Berlin Tempelhof airport operators are challenging recent decisions by both a Berlin lower court and the city authorities to close the downtown airport on October 31 next year. Windrose Air and six other executive air charter operators–AFI, AAF, AeroKing, Heli Union, Rotorflug and TAG–have filed a complaint against the latest judgment with the objective of bringing the dispute to a federal court.
Supporting the operators’ position, a Windrose spokesperson told AIN, is the recent acknowledgement by the national government that closing the airport will be expensive. For example, replacing the 24/7 fireman service with a mandatory fire suppression system would cost $52 million. The Berlin airport authority currently pays for fireman service, but the national government would pay for the automated fire suppression system. The national government, which owns 80 percent of the airport, is therefore now pushing to keep Tempelhof open, according to Windrose.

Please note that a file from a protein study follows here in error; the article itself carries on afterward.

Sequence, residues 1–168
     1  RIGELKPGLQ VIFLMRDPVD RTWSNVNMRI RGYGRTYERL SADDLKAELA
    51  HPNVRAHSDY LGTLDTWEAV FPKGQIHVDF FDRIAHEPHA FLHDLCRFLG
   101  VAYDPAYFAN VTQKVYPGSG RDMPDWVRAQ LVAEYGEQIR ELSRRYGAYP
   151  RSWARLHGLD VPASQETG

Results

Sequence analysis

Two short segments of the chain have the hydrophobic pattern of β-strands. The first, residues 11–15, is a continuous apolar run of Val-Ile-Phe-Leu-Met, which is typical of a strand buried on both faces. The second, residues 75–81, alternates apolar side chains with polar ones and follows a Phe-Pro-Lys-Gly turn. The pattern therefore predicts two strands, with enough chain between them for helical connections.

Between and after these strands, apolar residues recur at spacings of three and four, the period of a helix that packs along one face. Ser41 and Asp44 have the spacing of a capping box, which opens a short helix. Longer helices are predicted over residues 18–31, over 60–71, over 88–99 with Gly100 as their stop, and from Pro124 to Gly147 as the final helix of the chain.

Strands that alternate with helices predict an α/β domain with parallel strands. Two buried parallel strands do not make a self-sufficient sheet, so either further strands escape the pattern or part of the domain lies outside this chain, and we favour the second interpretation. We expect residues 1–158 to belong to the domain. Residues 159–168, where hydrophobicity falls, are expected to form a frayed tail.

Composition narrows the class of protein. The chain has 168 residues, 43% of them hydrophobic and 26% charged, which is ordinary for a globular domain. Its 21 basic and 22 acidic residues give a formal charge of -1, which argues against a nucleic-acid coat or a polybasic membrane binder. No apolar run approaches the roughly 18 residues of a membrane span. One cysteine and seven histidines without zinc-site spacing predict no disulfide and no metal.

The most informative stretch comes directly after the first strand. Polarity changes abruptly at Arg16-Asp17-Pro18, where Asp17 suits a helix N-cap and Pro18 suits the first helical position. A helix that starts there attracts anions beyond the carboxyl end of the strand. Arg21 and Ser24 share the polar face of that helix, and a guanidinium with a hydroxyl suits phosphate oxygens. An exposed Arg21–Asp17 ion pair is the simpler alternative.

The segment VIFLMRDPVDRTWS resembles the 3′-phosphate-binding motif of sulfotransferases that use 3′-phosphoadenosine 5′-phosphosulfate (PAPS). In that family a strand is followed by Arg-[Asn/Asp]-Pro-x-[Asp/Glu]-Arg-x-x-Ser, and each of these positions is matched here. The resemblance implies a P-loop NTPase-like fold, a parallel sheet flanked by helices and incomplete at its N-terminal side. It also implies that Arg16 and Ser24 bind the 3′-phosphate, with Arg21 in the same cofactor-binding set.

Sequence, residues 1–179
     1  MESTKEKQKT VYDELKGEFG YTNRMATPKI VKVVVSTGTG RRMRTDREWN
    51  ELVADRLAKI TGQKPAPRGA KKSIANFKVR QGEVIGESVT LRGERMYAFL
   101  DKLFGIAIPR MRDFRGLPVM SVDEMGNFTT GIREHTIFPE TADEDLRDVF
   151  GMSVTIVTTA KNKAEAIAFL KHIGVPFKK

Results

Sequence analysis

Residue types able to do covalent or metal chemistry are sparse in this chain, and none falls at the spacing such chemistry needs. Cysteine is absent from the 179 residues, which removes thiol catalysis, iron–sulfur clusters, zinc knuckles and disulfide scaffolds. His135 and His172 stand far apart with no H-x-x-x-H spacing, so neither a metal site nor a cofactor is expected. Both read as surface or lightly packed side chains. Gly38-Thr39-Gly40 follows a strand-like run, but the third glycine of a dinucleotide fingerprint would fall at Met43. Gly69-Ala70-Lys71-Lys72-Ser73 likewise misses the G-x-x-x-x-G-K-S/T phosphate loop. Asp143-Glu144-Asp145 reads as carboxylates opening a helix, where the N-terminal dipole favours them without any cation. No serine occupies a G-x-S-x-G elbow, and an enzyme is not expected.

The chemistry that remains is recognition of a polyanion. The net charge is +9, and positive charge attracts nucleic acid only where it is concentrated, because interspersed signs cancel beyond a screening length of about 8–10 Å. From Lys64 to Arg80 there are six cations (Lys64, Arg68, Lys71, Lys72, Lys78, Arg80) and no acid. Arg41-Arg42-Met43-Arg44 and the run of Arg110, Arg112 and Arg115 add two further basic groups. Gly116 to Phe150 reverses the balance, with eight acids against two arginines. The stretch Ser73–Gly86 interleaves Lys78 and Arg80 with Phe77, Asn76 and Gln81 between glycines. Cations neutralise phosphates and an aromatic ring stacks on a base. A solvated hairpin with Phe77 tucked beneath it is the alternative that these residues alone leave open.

Separately, a federal court in March dismissed complaints from several thousand people who will be neighbors of the planned Berlin Brandenburg International (BBI) airport when it opens in 2011. The court also said Tempelhof and Tegel airports should close when BBI opens. However, according to Windrose, the federal Ministry of Finance recently received, from a lawyer consultancy company, a report asserting that keeping Tempelhof open only to business aviation traffic would comply with the federal court’s ruling.
CED, a joint venture led by Fred Langhammer, the former CEO of cosmetic company Estée Lauder, and Ronald Lauder, founder Estée’s son, is ready to invest $450 million to turn Tempelhof’s terminal buildings into a health center. The project hinges on the airport’s remaining a gateway for wealthy customers to arrive in business aircraft. German rail operator Die Bahn has offered to operate the airport.